• Disclosure document: You may file a disclosure document with the PTO that describes through words or drawings any aspects of your invention you wish to disclose. Each one-sided page must be numbered, any text or drawing must be able to be photocopied, photographs are acceptable, and no prototype may accompany the document. One original and one copy of the document must be signed by the inventor and sent with a self-addressed, stamped envelope and a check for $10 to Box DD, Assistant Commissioner of Patents, Washington, DC 20231. No one reads this document; the patent office simply keeps the original, stamps the copy with an identifying number and date of receipt and then returns it to you. Unless the disclosure document is referred to in a separate letter when you make your patent application, the document will be filed in the patent office for only two years and then be destroyed.

Such a document does not initiate a patent application nor provide patent protection. It does, however, give you a legal document proving the approximate date of your invention. In the event someone then files a patent application for the same invention, you still must demonstrate an earlier invention date and prove you did not abandon the idea.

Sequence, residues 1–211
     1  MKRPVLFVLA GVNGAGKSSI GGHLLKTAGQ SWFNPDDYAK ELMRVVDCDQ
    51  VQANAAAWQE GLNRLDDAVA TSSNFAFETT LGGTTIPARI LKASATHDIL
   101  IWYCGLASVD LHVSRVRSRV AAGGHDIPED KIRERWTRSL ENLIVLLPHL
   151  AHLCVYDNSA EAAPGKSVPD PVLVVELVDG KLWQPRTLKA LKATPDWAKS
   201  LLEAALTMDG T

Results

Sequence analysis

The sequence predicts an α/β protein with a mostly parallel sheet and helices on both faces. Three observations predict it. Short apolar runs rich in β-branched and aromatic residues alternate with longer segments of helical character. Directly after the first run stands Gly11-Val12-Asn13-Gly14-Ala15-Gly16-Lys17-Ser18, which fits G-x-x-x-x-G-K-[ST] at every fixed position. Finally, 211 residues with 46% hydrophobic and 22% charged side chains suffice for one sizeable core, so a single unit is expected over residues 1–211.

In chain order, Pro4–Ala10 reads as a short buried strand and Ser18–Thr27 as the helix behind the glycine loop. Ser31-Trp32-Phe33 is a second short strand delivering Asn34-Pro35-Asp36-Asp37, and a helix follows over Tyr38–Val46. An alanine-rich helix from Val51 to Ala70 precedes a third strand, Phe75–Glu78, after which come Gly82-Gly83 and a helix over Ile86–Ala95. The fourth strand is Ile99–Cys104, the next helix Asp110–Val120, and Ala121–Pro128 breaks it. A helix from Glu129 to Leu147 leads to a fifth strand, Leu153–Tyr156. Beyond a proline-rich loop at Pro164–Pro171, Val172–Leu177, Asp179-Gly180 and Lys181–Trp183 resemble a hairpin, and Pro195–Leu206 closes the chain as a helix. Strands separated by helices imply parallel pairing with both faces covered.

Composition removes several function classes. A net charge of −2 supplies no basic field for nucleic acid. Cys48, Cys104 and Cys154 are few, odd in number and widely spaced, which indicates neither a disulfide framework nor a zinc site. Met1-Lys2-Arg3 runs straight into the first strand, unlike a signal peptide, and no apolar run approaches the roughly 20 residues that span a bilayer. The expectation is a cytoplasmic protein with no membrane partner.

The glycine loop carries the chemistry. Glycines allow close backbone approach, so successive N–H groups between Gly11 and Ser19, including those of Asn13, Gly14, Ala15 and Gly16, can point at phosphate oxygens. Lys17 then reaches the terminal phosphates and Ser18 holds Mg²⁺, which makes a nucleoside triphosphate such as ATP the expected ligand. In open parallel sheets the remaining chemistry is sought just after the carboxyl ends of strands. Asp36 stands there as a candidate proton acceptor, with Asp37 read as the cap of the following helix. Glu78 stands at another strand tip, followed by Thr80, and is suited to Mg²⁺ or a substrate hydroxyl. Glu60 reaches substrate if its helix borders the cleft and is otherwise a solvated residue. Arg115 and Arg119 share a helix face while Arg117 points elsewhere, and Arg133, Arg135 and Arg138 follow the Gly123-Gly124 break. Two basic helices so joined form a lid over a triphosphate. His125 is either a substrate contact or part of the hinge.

• Provisional patent application: Recent changes in nondesign patent laws (following the United States' 1994 passage of the General Agreement on Tariffs and Trade treaty) now allow for the filing of a provisional patent application. This includes a description of the invention; drawings may be required if the description is not clear. It doesn't, however, include an oath or declaration, patent claims, or the specified drafted drawings that are required with a full patent application. This application proves you've filed a patent application and allows you to claim an early priority date.

Filing a provisional patent application places your invention in "patent pending" status and gives you an additional year to follow up with a formal application. If you don't file a formal patent application, however, you won't receive protection. Unlike the disclosure document, your application will be reviewed for compliance by the application board. The fee for filing a provisional application is $75. This option is helpful if you're running out of time to file your patent and need to establish a filing date.

Filing a patent with the help of a qualified patent attorney is definitely the best choice if you truly want to protect your idea. Although it's expensive and time-consuming, filing a patent is the only legal means available to you to defend your invention. For more information on patent applications, the PTO has a very informative Web site (http://www.uspto.gov) designed to answer patent applicants' questions.